By Curt Smith
On the 2017 Family Prosperity Index (FPI), Indiana had the 31st best score (4.82) in the country—an increase of 0.4 percent since 2012 (4.80).
Indiana’s greatest improvement during this period came in its Economics score, which increased by 13.6 percent to 4.82 in 2017 from 4.24 in 2012. Correspondingly, Indiana’s rank in this major index category increased to 28th from 39th.
More specifically, the increase in Indiana’s Economics score was due to improvements in four out of the five sub-indexes: scores for Private Sector increased by 4 percent, Real, Per Household Income by 37 percent, Cost of Living by 1 percent, and Unemployment by 65 percent. Only Indiana’s score on the Entrepreneurship sub-index saw a decline of -32 percent.
At the same time, Indiana’s greatest decline during this period came in its Family Structure score, which decreased by -10.3 percent to 4.33 in 2017 from 4.82 in 2012. Correspondingly, Indiana’s rank in this major index category dropped to 38th from 29th.
More specifically, the decrease in Indiana’s Family Structure score was due to declines in three out of the five sub-indexes: scores for Marriages declined by -20 percent, Divorces by -86 percent, State of Households by -9 percent. Two sub-indexes showed improvement: the Children in Married Couple Households sub-index improved by 12 percent and Families with Related Children in Poverty by 7 percent.
Higher Gas Tax Would Erode Indiana’s FPI Score
The proposed increase in Indiana’s gas tax would hurt families, especially those of moderate- or low-income. This will negatively impact Indiana’s score in the Family Prosperity Index.
First, higher gas taxes will result in a higher state and local tax burden, as a percent of private sector share of personal income. Based on the first year’s estimated tax increase of $347.9 million, Indiana’s tax burden would increase 1.3 percent to 13.2 percent from 13 percent.
Second, the increased spending enabled by the higher gas taxes will result in a higher level of state and local spending, as a percent of private sector share of personal income. Again, based on the first year’s estimated tax increase of $347.9 million, Indiana’s spending burden would increase 0.6 percent to 28.8 percent from 28.6 percent.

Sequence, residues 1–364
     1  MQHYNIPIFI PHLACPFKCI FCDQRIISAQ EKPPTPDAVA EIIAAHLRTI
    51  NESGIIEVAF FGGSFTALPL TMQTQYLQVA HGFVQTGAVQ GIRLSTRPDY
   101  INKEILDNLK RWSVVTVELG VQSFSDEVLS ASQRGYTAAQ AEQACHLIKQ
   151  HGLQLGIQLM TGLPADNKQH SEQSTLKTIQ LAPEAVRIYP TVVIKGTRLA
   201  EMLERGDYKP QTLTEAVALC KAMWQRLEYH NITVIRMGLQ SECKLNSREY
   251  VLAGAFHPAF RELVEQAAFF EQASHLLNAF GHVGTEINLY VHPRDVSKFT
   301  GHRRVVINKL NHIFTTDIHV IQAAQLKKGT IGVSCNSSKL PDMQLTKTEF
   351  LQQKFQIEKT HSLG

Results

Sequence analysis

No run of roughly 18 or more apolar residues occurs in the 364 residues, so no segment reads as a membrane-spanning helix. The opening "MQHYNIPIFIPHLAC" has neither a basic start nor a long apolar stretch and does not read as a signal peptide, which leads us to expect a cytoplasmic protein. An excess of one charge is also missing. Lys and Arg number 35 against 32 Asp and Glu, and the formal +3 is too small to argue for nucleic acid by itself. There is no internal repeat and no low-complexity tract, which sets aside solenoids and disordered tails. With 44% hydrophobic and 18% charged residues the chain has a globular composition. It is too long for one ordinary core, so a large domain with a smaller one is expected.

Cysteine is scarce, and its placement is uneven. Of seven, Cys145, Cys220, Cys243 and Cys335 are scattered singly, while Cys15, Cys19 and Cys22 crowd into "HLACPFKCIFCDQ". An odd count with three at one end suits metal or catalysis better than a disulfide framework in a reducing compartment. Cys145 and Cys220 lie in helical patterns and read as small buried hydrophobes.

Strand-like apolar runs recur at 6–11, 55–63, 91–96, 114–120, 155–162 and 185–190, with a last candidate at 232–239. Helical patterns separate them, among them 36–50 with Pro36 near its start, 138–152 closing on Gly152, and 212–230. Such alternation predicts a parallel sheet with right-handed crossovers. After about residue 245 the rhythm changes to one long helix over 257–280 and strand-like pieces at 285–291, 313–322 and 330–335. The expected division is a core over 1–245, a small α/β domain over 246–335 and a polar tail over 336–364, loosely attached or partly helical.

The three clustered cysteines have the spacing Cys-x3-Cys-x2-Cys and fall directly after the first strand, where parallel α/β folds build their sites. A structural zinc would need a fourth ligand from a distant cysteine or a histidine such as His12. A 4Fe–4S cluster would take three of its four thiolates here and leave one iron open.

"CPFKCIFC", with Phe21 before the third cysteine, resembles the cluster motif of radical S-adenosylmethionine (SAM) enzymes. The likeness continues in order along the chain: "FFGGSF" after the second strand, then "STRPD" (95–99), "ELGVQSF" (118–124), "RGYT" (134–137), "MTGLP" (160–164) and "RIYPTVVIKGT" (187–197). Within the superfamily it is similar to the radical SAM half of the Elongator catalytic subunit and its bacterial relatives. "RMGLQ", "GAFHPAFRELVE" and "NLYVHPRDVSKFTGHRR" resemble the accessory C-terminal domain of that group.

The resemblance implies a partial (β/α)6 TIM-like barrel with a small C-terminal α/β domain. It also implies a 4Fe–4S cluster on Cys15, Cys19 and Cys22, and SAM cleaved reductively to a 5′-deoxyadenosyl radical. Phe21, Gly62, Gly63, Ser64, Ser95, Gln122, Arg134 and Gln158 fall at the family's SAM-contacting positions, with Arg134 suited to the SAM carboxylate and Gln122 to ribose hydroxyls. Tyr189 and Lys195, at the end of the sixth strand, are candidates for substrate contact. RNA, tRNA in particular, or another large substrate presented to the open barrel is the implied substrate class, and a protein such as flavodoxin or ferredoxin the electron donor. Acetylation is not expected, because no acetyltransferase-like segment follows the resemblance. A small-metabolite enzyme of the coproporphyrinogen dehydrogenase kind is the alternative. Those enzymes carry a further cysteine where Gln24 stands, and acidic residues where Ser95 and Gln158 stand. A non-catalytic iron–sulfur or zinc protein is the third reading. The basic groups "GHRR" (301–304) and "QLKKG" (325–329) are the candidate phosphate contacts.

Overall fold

The FPI’s Government Burden sub-index takes both variables (tax burdens and spending) into consideration. Consequently, Indiana’s Government Burden score would fall 1.5 percent to 5.92 from 6.00 and rank would fall 2 spots to 10th from 8th best.
Third, a higher gas tax would boost the cost of living in Indiana. Cost of living measures are tax inclusive of excise taxes because the tax is embedded in the price. In other words, businesses will pass the higher gas tax onto consumers through higher prices. Higher prices mean a higher cost of living. Additional research will be required to quantify the impact on FPI’s Cost of Living sub-index score.
Fourth, gas taxes are particularly regressive because they hit the budgets of lower-income families the hardest. According to the 2014 Consumer Expenditure Survey, “gasoline and motor oil” exhausts 11.3 percent of “income before taxes” for consumers in the bottom quintile and 6.8 percent for consumers in the 2nd lowest quintile. In contrast, these expenditures only represent 2.2 percent of income for consumers in the top quintile.
This highly regressive tax will stifle any progress low-income families are making as they struggle to climb out of poverty. For instance, in the Families with Related Children Below Poverty sub-index, Indiana ranks a mediocre 28th. Thankfully, Indiana has been making progress in recent years with the percentage of these families below poverty falling -11.3 percent to 17.2 percent of all families from 19.4 percent.
However, higher gas taxes on these vulnerable families will, at best, slow further progress in the Families with Related Children Below Poverty sub-index, or, at worst, reverse progress.
To be sure, the infrastructure improvements would be a boost to Indiana’s economy. That said, the negative impacts on Indiana’s families will outweigh any positive impact in the long run. Policymakers should scrap this idea and go back to the drawing board.